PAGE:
Today we celebrate two very different men who were called by God in an extraordinary way that they could never have imagined. St. Paul was highly educated and respected, and Peter was a fisherman and probably not very well known. Because of their encounter with the person of Jesus, both of them found their lives completely changed forever. Both dedicated the rest of their lives to preaching about a man that very few people had even heard of and as a result both of them were eventually killed for their faith.
One thing that was so important for both of them is equally important for us; that is, it was because of an encounter with the person of Jesus that they were changed. Our faith is also based on an encounter with this person Jesus. Even though we may never have physically heard or seen him, we have encountered him and that encounter keeps drawing us back to him. People often ask me as a priest why I didn’t want to get married. I always say the same thing: of course I would like to be married, but this call from Jesus was stronger and almost irresistible.
In his letter to the Galatians, one thing which Paul says is very striking. He says, ‘The good news that I preached is not a human message that I was given by men, it is something I learnt only through a revelation of Jesus Christ.’ In other words, he is reminding us that this message is not from human beings, but directly from God. Jesus taught it directly to Peter and the other Apostles, and Jesus also taught it directly to Paul after the resurrection. Jesus appeared to Paul several times. First he changed him from being someone intent on wiping out the first Christians to being one of its strongest preachers. Many of the first Christians were afraid of him because they found it so hard to believe that he had really been converted. That was the kind of reputation he had. Then through other revelations Jesus also taught him all about this path that God was and is revealing to us. Paul says the same thing when he talks about the mass: ‘This is what I received from the Lord and in turn passed on to you, that on the night he was betrayed...’ He is saying that he learnt this directly from the Lord and not from any of the other Apostles.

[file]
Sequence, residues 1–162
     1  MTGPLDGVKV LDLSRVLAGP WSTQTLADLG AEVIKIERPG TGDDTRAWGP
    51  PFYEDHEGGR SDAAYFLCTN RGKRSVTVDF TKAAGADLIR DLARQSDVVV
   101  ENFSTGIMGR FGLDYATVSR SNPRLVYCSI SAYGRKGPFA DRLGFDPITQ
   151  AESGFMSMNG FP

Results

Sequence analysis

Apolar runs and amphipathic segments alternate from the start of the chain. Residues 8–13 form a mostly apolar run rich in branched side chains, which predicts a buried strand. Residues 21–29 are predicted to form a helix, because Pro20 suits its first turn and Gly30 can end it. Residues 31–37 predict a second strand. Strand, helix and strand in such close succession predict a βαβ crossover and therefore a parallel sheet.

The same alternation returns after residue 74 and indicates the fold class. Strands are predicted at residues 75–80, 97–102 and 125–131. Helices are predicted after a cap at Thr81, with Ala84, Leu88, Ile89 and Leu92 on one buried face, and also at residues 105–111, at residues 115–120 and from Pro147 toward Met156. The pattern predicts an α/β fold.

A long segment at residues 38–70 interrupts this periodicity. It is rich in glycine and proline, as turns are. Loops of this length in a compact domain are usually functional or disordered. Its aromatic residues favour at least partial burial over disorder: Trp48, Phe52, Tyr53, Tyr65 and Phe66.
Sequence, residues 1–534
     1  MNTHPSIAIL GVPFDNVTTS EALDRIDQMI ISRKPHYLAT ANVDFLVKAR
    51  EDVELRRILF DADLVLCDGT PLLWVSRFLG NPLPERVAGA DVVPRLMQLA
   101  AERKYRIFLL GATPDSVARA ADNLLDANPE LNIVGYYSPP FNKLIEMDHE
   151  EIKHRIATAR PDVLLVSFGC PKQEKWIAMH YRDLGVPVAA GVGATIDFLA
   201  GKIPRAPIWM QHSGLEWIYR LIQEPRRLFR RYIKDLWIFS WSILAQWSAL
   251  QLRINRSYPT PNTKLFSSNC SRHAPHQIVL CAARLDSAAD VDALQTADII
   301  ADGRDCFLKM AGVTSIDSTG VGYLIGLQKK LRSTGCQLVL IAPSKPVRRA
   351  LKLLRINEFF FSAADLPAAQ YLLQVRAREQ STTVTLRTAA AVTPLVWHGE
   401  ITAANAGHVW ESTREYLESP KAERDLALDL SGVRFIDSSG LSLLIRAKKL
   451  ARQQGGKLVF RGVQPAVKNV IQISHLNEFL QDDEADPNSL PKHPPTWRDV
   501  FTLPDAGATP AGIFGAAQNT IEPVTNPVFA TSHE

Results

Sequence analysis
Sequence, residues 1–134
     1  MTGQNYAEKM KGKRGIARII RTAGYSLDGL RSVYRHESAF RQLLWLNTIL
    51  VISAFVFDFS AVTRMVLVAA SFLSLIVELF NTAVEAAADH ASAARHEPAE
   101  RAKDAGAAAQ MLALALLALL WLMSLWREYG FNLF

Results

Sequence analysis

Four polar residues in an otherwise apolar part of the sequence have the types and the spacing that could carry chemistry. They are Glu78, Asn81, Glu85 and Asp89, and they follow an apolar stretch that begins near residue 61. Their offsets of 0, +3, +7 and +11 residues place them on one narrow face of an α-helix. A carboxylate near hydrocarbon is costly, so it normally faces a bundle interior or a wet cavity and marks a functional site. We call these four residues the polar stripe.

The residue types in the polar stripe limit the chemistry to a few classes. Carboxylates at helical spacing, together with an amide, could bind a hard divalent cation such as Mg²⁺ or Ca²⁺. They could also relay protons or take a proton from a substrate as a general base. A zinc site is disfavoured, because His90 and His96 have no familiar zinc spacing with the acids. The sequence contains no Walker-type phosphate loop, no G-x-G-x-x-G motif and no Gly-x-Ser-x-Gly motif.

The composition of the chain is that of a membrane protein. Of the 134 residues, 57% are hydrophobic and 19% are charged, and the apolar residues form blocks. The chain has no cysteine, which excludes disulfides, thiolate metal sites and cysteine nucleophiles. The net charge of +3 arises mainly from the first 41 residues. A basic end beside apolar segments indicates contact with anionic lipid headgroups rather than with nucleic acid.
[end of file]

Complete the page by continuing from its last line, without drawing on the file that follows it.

I think today it is very important for us to remember that this message we believe in was not made up by bishops or popes or any of us—in spite of what The Da Vinci Code would suggest—but that it is something that has been given to us by God himself, and that in spite of bad preaching, bad example, scandals, etc., the message does not change. It comes from God and God is continually inviting us to follow this way of life that He offers us.
It is easy to become discouraged sometimes when the ones who deliver the message, me or anyone else, do it badly. This is why even though scandals are terrible and damaging, they shouldn’t affect our faith, because our faith is about Jesus Christ and our life in God that Jesus is inviting us to. He is telling us that we will only find true life in God and that God is the only one who makes sense of this life for us. Apart from God our life means nothing. With God, our life means everything.